This is the main event. Once you have enough shredded plastic particulate, feed it into your extruder and let it do its magic.
You can get several different types of extruders, such as the Filabot and the Filastruder. We discuss them each in more detail below.
The main thing to keep in mind is that you want the filament to cool enough before it hits the ground so that it doesn’t deform.
Some people use a filament winder to help the process. Once you get your process figured out, this shouldn’t be much of a problem.
Best Filament Extruder And Filament Recycler
Filabot makes the best filament recycler system around. Filabot began as a kickstarter project in 2013, launched by Tyler McNaney to fund the creation of his personally designed filament extruder. The initial prototypes were pretty rough.
Tyler put up a video on the kickstarter of a crudely constructed hand powered extruder with an intake funnel and a heated nozzle. You can see Tyler cranking away at that thing while feeding it bits of plastic, fumes spewing out of the top and plastic filament slowly oozing out of the nozzle.
Filabot has come a long way from those early days. The company now produces a complete suite of filament production and recycling appliances. For the beginning of the recycling process, Filabot offers an industrial strength plastic grinder that converts waste plastic into extrudable plastic particles.
The machine is a serious piece of equipment and can churn out plastic particles at amazing speeds. Filabot constructed it with small printer services business in mind. The idea is that printer services can recycle failed prints back into usable filament and save money. As a result, it’s not really the best option for home extruders.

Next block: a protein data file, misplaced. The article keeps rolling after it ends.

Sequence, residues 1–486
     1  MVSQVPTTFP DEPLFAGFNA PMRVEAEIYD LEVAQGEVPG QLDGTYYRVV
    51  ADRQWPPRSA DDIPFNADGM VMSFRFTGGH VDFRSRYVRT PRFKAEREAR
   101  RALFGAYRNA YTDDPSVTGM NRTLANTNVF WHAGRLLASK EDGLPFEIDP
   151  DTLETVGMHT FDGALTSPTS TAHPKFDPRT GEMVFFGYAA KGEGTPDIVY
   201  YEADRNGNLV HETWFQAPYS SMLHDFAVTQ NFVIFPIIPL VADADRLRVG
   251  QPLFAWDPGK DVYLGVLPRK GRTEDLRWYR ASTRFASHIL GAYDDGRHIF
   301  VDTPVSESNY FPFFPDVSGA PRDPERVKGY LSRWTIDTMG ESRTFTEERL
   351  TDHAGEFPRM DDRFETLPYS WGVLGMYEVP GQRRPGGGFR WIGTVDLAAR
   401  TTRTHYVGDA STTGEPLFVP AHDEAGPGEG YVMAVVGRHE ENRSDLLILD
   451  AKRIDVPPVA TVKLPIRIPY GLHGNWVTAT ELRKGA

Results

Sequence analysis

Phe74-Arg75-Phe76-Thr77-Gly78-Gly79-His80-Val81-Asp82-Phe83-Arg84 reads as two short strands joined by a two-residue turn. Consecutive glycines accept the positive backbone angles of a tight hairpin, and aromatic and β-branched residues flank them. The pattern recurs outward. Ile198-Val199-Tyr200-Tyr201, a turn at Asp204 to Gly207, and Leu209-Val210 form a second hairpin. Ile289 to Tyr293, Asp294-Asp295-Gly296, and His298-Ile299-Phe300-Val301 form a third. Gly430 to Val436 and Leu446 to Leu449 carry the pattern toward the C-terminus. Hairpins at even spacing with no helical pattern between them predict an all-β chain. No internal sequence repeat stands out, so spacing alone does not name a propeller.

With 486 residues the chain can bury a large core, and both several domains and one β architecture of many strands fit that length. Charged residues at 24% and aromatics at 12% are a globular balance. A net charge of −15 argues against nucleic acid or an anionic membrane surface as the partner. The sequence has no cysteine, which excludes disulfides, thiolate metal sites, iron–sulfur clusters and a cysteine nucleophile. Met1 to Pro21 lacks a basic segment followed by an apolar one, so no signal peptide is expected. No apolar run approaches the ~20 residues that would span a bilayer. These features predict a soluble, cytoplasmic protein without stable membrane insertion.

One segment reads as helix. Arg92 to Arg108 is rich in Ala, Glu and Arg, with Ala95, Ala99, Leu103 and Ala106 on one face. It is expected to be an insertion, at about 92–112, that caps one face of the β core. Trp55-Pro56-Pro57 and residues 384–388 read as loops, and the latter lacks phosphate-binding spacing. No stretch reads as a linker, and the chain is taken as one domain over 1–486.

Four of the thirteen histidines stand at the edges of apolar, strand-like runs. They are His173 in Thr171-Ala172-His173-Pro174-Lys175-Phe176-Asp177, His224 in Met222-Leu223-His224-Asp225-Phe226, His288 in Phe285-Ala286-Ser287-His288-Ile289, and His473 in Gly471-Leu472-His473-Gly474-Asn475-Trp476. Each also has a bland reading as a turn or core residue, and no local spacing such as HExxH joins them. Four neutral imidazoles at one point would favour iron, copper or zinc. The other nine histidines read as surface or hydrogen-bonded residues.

But Filabot is mostly known for its awesome home filament extruders. Their extruders are the industry standard for home extrusion and are built to make extrusion extremely simple.
You pretty much just put your crushed plastic bits into the intake, choose your settings, and turn the thing on.
The filabot will then extrude the filament slowly out of the nozzle at an even pace. The machine is fairly quiet and doesn’t produce too many fumes while it does it’s thing.
You could guide the filament down onto the floor or onto a table surface in large coils as it cools. But if you want to extrude in style, you can buy the Filabot filament spooler.
This nifty piece of machinery will automatically wind your filament onto a spool for you as it comes out of the extruder. That is super helpful since keeping the diameter consistent and preserving the shape of the filament as it cools is probably the hardest part of the entire extrusion process.
Filabot also sells empty spools, so pick a few up when you buy your Filabot and you are all set to go.
Other Filament Extruders To Check Out
Wellzoom also makes a filament extruder that is pretty good. They are one of the most popular types of extruder around. These machines are only sold on Amazon though so you are going to have to check them out there.
But the reviews on Amazon indicate that Wellzoom appliances do a good job. Also, if there is a problem with the machine, you can contact customer support and they will replace it immediately.
The Future Of Home Filament Extrusion
Homes extrusion is a super hot topic right now in the filament industry. There are tons of new extruder systems being developed right now and every year the technology gets better.
That means it’s going to get easier to recycle 3D printer filament at home. The first generation of home extruders already get the job done and they are improving quickly.
There are tons of extruders being crowd funded right now and a few other brands of extruders are already being sold on Amazon. If there are other systems you think we should include on the list, leave a comment below.
Otherwise, happy extruding!